In this setting, both the advanced and the emerging countries, in order to boost their own economies, make use of all the economic policy instruments available to them, namely:

1) competitive (currency) devaluation. This is a process that began with the Federal Reserve’s policy of quantitative easing and was subsequently taken up by all the advanced economies, such as Switzerland, the UK and, most recently, Japan (and the eurozone). Obviously, it has to be remembered that the emission of dollars presents no risk to the US economy, since the dollar is the reference currency in international trade.

2) The creation of new NTBs[2]. Unlike tariff barriers (currently prohibited by the WTO), NTBs have increased in number; moreover, they are a far more insidious form of protection as they use regulations, certifications, customs and control procedures and authorisations as a means of increasing import and export costs.

3) Privileged access to selected and complementary markets through the signing of free trade agreements between states, or between groups of states and others.

4) The use of soft and hard power tools in international affairs. This is a practice both of emerging countries and of advanced countries (the USA above all).

We are thus witnessing a gradual movement towards a world characterised by more marked divisions between geographical areas in competition with each other – a world in which preferential trade agreements are tracing new economic boundaries and spheres of influence. Each of the areas created is an expression of the power of geopolitical influence wielded by the dominant player in the region. It is no coincidence that the United States has, for some time, also been negotiating an agreement – the TPP (Trans-Pacific Partnership) – with the main Pacific Rim countries. At the same time, China, which is the only Pacific Rim country not included in the TPP negotiations, has been negotiating the FTAAP (Free Trade Area of Asia Pacific) with the very same countries, its intention clearly being to create an Asian economic community that has China at the forefront and from which the United States is excluded[3].

3. The strategic choices of the United States.

The financial crisis finally prompted the ruling class in the US to abandon the idea that American economic growth could be driven solely by the financial and housing sectors, while the manufacturing sector is recklessly neglected. Furthermore, also as a result of the loss of millions of jobs, especially in the service sector where there is less trade union protection and greater exposure to economic shocks, an economic orientation in complete contrast to the economic theory professed in the years leading up to the crisis has now begun to prevail in the USA.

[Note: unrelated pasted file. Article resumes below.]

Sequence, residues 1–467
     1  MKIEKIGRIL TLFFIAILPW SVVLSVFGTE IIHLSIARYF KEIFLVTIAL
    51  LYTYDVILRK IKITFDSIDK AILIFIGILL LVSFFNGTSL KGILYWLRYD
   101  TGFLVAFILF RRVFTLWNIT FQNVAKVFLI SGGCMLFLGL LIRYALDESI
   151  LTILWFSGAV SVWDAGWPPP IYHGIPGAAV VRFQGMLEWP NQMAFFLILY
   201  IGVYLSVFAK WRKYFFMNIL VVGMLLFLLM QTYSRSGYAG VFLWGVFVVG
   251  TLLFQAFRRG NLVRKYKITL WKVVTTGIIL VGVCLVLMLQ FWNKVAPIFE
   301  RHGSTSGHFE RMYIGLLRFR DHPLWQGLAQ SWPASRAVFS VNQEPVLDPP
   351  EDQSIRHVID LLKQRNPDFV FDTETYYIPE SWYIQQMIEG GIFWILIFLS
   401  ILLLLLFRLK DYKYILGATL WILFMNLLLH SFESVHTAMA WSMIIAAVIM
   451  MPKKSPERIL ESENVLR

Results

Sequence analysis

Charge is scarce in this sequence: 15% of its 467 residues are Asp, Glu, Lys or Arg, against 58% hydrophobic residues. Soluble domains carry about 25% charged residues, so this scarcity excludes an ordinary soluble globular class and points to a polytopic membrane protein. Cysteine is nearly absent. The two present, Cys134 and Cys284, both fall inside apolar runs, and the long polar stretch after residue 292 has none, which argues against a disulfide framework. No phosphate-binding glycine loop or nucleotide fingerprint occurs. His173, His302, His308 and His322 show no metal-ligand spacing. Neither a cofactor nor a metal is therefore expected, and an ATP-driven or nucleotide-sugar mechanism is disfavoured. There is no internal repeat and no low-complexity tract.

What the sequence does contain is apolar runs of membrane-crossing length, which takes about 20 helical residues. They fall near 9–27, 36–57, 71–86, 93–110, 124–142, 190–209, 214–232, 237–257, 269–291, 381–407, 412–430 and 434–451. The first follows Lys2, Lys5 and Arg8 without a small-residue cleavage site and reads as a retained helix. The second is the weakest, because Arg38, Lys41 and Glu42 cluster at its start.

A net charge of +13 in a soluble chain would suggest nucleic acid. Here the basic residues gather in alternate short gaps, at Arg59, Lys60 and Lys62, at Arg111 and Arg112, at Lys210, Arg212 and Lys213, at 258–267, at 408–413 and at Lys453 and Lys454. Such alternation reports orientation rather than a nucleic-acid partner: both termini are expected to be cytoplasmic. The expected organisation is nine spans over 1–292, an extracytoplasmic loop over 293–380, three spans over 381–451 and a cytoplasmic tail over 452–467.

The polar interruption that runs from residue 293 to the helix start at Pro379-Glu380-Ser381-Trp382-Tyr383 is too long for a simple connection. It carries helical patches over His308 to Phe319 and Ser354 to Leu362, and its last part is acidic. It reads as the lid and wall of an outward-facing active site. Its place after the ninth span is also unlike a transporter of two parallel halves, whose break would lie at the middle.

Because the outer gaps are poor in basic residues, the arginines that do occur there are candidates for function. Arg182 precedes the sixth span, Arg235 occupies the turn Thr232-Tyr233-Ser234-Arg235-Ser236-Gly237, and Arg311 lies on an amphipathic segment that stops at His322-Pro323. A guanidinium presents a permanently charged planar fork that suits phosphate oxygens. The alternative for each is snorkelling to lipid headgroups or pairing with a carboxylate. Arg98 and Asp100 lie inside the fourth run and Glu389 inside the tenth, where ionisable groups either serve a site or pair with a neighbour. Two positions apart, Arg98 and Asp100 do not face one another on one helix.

Faced with the fact that it had proved unrealistic to think that the global economy could go on becoming more and more open, America’s ruling class saw that there was a need to revive investments in the manufacturing industry. In this regard, a study by the Interindustry Forecasting Project at the University of Maryland, seeking to establish whether the impact of the manufacturing industry in the US economy – it currently generates around 11.6 per cent of GDP – could return to the level (around 15 per cent of GDP) recorded in 1998, i.e. before the sector was hit by the wave of global recession, highlighted the profound changes in the structure of supply and demand that would be needed in order to achieve such an increase in added value, i.e. equivalent to around 4 per cent of GDP. Briefly, the following conditions are necessary to bring about a revival of the US manufacturing industry: 1) more exports and fewer imports; 2) a lower rate of price growth and more energy resources compared with current levels; 3) fewer regulatory requirements and corporate taxes in order to promote increases in production, investments and revenue (in all the other sectors too); 4) faster productivity growth in major service sectors, particularly the healthcare, construction, financial and trade (wholesale and retail) sectors, in order to meet workforce redeployment needs.